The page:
Completion of the last section of a partly built connector linking Veterans Highway to Route 2 is pitting two of the county's largest and most organized communities against each other.
Severna Park has fought for 30 years for funding to complete East-West Boulevard, which residents see as the only solution to congestion along Benfield Boulevard.
But the third and final part of that road, long planned but not budgeted for by the county, would unload heaps of cars into one of Pasadena's biggest traffic headaches: Catherine Avenue.
Pasadena residents have been waging their own struggle since the late 1980s to turn part of that avenue into a one-way street. Several children have been hit by cars on Catherine, which is overwhelmed by motorists trying to reach notoriously crowded Mountain Road and Route 100.
Pasadena residents, led by their County Council member, Thomas W. Redmond Sr., will face off against Severna Park residents, led by their council member, Diane R. Evans, at Monday's special budget hearing. While Severna Park presses for the road work, the Pasadena contingents will ask that it be put off for a year while another route is researched.
The two sides will base their arguments on evidence that sounds similar: Roads in their community cannot handle more traffic.
"It's a very 'us against them' mentality," said Pasadena resident Marcia Mia, who opposes the road. "That's what we found when we brought the issue to the Severna Park Council. It's very disheartening that they didn't want to look at the problems they're creating for our part of town. They think East-West Boulevard is the big solution, and it's just not."
Most aggravating for Severna Park residents is that having come so far in achieving their long-awaited road, they must endure what some call a "sudden uprising" from Pasadena that threatens to halt the project.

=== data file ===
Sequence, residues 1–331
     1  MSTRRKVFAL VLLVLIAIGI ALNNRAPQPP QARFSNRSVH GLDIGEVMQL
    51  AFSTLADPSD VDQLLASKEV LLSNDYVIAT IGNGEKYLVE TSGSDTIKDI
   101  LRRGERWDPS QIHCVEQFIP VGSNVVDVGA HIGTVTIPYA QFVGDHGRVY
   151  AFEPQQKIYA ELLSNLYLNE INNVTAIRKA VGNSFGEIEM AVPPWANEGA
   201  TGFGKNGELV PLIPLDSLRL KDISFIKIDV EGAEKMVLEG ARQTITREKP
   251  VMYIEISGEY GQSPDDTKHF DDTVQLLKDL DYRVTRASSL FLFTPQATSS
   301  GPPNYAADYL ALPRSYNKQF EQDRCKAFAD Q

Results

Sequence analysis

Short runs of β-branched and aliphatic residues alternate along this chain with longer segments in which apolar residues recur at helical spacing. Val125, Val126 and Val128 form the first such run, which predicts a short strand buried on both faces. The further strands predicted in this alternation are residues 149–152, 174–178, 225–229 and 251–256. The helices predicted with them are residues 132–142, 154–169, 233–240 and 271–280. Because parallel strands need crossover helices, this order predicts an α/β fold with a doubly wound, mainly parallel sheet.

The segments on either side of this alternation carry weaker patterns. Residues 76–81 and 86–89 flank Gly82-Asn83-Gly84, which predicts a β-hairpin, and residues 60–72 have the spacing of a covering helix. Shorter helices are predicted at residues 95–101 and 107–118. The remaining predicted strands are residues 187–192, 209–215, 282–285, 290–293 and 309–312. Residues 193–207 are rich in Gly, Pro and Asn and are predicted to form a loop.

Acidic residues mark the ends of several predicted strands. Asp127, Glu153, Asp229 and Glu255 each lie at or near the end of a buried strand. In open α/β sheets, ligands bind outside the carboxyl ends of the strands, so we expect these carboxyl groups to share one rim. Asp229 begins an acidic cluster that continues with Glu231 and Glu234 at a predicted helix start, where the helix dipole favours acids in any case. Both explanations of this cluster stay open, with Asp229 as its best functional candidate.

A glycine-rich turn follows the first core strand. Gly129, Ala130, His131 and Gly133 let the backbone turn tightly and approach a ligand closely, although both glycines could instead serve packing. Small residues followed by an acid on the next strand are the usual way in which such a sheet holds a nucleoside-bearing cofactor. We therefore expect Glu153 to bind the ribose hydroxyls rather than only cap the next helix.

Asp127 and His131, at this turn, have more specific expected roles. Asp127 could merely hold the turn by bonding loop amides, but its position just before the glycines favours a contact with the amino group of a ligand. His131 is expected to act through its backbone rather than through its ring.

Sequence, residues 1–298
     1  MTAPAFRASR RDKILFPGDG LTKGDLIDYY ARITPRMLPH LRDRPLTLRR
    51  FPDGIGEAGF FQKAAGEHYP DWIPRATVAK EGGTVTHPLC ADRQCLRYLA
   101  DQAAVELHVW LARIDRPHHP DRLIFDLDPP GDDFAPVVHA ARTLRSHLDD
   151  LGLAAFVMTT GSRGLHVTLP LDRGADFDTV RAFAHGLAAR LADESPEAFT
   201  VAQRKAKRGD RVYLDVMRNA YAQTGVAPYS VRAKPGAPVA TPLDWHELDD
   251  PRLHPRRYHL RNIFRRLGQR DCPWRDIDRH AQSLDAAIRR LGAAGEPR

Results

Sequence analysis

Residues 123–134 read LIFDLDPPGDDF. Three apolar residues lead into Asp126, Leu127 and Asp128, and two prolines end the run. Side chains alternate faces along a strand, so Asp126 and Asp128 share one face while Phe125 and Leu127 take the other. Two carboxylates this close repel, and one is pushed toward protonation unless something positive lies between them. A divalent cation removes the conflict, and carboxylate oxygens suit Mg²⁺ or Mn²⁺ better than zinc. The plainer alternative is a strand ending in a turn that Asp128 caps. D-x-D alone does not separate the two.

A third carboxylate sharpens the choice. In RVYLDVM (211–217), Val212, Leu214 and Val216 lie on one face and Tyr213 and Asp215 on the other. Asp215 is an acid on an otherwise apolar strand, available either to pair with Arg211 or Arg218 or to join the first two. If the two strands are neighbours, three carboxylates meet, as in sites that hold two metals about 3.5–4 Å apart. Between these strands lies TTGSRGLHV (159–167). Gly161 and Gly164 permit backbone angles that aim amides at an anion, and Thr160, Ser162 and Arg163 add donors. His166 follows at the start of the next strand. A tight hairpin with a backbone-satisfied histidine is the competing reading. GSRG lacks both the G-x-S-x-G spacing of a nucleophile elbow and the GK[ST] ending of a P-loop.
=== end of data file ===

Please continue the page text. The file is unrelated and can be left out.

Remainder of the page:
"The Pasadena Council does a great job for its area, but they've got to realize most of the intersections along Ritchie Highway are failed intersections," said Larry Masterson, president of the Greater Severna Park Council. He meant that the intersections with Route 2 cannot move all the waiting traffic through in one cycle of red-to-green lights.
"Yes, there are going to be increases in traffic," he said, "but the cost involved in resolving all these issues -- Mountain Road, Ritchie Highway, Catherine Avenue -- means [that] nothing will happen for another 20 years. It's hard enough getting something into the budget, and to risk taking it out now, [and] having to compete again with all the other projects means we'll end up with a $10 million cul-de-sac." The East-West Boulevard now dead-ends at Governor Stone Parkway.
Pasadena residents say they weren't aware of the impact on their area until a county report from last year surfaced recently showing that the Route 2 intersection and several other Pasadena intersections will fail with the additional traffic.
Pub Date: 5/07/98